Not even thirty minutes into the patrol and my uniform was drenched in sweat. Granted, it was going to be an overnight affair, thus a more laden pack. Additionally, the Gunsight trail is rather steep in its beginning. A brief visitor contact with the exchange of destinations ended with the young couple now leading the way. About ten minutes later, it donned on me to check in on their intentions of visiting Sperry Chalet. Due to the rebuild project, there is a Superintendent authorized closure in the immediate area of the stone structure.
The term chalet has origins in the Arpitan speaking region of Switzerland and referred to a herder's hut. These seasonal quarters allowed dairy farmers to bring their cattle from the lower pastures to the alpine meadows to grave. Besides an alpine residence, the chalets served as butter and cheese production sites. With the onset of winter, the dairy products, the cattle, and herders headed down to more friendly climes.
It did not take long for the chalet concept to morph into a seasonal or even year round housing for tourists. Besides alpine locations chalets can also be found at sea level along prime beach destinations worldwide. To encourage and accommodate more tourism, the chalet style of housing quickly arrived in Glacier National Park. The Great Northern Railway constructed nine chalets throughout and on the periphery of the Park. Some of these structures still exist and operate today. Sperry is one such structure, as meals will be available this summer while the lodging quarters are being rebuilt.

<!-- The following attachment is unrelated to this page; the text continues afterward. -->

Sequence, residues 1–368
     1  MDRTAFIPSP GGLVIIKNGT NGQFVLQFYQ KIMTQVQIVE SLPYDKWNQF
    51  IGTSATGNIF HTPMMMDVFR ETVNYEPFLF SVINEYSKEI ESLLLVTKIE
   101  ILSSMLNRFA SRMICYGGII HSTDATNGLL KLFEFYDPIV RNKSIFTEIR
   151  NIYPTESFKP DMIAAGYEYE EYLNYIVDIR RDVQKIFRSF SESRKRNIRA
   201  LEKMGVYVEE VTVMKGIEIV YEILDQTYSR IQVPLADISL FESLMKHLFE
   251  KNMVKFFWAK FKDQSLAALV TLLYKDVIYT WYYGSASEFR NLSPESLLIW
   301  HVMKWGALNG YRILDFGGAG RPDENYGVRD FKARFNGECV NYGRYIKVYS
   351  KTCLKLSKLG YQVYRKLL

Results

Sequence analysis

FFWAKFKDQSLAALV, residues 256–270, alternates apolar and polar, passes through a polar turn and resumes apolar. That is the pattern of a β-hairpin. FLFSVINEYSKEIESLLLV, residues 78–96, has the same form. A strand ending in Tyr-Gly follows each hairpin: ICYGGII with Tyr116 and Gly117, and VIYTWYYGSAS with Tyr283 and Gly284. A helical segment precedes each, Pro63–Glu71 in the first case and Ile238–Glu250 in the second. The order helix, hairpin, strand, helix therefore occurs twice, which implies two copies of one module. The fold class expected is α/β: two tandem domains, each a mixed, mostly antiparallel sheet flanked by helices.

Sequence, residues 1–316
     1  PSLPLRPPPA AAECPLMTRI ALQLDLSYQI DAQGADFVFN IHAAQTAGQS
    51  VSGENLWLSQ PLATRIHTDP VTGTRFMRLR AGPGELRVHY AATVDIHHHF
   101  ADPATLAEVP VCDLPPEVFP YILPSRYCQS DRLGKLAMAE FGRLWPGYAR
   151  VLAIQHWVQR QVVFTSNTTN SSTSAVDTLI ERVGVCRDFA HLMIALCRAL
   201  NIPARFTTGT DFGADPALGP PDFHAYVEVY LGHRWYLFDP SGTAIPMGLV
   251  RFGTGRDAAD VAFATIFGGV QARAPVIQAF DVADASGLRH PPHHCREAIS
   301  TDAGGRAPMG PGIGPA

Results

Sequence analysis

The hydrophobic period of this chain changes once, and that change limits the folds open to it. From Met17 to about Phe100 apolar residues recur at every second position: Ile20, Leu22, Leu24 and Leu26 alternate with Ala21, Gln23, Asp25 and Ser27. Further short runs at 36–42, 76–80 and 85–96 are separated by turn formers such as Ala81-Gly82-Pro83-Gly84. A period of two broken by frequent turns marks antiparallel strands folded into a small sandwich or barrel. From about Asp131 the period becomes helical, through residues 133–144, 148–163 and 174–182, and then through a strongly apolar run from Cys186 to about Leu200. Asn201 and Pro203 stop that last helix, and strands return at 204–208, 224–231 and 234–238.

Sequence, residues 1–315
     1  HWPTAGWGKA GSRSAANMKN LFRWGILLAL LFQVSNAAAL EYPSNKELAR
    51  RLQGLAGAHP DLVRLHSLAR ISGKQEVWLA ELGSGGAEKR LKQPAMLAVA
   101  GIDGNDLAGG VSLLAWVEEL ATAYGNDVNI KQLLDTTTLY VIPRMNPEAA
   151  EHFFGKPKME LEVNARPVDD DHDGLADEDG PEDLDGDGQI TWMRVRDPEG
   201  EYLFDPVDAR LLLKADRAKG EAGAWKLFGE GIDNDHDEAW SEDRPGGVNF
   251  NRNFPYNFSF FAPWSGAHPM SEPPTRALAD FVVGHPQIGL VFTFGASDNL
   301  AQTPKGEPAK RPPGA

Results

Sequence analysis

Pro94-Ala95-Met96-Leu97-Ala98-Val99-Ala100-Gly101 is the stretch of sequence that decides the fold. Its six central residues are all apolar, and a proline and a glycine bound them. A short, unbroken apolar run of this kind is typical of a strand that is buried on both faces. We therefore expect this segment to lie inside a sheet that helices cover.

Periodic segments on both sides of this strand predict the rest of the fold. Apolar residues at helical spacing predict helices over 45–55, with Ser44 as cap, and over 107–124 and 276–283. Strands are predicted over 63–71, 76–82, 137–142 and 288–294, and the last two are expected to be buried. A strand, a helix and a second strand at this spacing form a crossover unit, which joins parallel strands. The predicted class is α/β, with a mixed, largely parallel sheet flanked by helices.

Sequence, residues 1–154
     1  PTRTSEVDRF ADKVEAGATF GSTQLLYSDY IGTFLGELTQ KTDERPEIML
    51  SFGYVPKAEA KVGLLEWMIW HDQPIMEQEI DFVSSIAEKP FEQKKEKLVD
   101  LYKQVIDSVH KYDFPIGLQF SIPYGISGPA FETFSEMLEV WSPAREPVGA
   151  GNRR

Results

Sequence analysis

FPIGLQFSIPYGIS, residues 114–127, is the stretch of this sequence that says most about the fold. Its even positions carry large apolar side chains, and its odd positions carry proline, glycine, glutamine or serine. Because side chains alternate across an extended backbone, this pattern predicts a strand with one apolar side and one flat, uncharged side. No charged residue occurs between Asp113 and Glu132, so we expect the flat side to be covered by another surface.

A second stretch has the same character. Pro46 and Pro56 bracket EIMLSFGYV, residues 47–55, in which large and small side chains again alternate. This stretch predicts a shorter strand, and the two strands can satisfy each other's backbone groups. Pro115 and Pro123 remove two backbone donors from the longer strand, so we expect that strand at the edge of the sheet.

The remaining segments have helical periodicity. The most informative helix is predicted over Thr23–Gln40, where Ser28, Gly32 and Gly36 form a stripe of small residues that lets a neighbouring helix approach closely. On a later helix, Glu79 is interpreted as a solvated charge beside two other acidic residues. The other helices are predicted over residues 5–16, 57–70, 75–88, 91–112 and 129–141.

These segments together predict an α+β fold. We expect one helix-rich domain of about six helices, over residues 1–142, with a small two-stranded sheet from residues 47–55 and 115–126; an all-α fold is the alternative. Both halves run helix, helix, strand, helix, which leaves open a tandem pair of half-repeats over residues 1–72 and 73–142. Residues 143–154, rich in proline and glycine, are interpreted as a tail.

It was one week prior to my patrol, when I had my first chalet experience in Glacier. There was a small weather window with forty percent chance of rain and possible afternoon thunderstorms. My intention was to make it up to the Swiftcurrent Lookout and back down before such conditions played out. Granite Park Chalet quickly passed in my rear-view as I still had over twenty two hundred feet of elevation gain in the next two plus miles. I gave the stone structure one last look before pressing on. The historic building looked quaint and cozy.
My directness and weather gamble paid off with mostly panoramic views atop the Swiftcurrent Lookout. If you ever want to gain a grand view of a particular area of the Park, visit one of Glacier’s eight lookouts. A Belgian family caught up to my solo view shed. I was more than happy to share the confined summit and took their family photo. As a group, we decided that it was in our best interest to head down before the threatening weather changed her mind. On our descent, I learned they had stayed in the Chalet on its first night of operations. Now with our Lookout connection, I was curious to investigate the inner workings of the Chalet. I was happy for a break and popped inside Granite Park to take a look. The chalet has a hostel like setting, in fact the lack of prepared meals makes it just so. One can purchase snacks or food that they will cook with their own equipment.
The couple I was hiking with were brother and sister. Hiking to the Sperry Chalet had become a family tradition. They hadn’t backpacked or visited too many other places in Glacier. I found this to be a little odd, but I’m the guy who bushwhacks for miles to stand on peaks nobody else visits, which is odd in itself. Traditions once begun can be difficult to stop. I was beginning to develop a deeper understanding of the general public’s desire to rebuild this recently burned structure.